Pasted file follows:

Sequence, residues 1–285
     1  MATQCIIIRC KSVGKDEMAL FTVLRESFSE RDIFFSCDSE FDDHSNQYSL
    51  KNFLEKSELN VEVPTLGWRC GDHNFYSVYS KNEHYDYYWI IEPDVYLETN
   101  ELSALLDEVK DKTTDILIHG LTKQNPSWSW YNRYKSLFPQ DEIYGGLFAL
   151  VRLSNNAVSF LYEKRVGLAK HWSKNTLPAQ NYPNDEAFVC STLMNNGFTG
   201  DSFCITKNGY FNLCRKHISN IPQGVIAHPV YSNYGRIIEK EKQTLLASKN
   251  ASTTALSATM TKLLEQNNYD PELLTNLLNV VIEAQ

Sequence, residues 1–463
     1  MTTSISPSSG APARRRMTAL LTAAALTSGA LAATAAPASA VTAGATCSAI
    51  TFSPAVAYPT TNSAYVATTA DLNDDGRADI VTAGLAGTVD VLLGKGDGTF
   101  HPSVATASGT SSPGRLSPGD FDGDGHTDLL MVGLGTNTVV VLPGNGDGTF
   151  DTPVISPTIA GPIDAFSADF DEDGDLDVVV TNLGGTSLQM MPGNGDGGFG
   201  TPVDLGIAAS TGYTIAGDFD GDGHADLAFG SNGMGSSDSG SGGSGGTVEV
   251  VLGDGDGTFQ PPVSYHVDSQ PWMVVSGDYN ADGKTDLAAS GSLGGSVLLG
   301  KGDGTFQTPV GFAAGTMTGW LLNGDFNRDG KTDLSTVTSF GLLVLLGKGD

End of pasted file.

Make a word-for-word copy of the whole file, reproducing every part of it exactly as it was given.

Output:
Sequence, residues 1–285
     1  MATQCIIIRC KSVGKDEMAL FTVLRESFSE RDIFFSCDSE FDDHSNQYSL
    51  KNFLEKSELN VEVPTLGWRC GDHNFYSVYS KNEHYDYYWI IEPDVYLETN
   101  ELSALLDEVK DKTTDILIHG LTKQNPSWSW YNRYKSLFPQ DEIYGGLFAL
   151  VRLSNNAVSF LYEKRVGLAK HWSKNTLPAQ NYPNDEAFVC STLMNNGFTG
   201  DSFCITKNGY FNLCRKHISN IPQGVIAHPV YSNYGRIIEK EKQTLLASKN
   251  ASTTALSATM TKLLEQNNYD PELLTNLLNV VIEAQ

Sequence, residues 1–463
     1  MTTSISPSSG APARRRMTAL LTAAALTSGA LAATAAPASA VTAGATCSAI
    51  TFSPAVAYPT TNSAYVATTA DLNDDGRADI VTAGLAGTVD VLLGKGDGTF
   101  HPSVATASGT SSPGRLSPGD FDGDGHTDLL MVGLGTNTVV VLPGNGDGTF
   151  DTPVISPTIA GPIDAFSADF DEDGDLDVVV TNLGGTSLQM MPGNGDGGFG
   201  TPVDLGIAAS TGYTIAGDFD GDGHADLAFG SNGMGSSDSG SGGSGGTVEV
   251  VLGDGDGTFQ PPVSYHVDSQ PWMVVSGDYN ADGKTDLAAS GSLGGSVLLG
   301  KGDGTFQTPV GFAAGTMTGW LLNGDFNRDG KTDLSTVTSF GLLVLLGKGD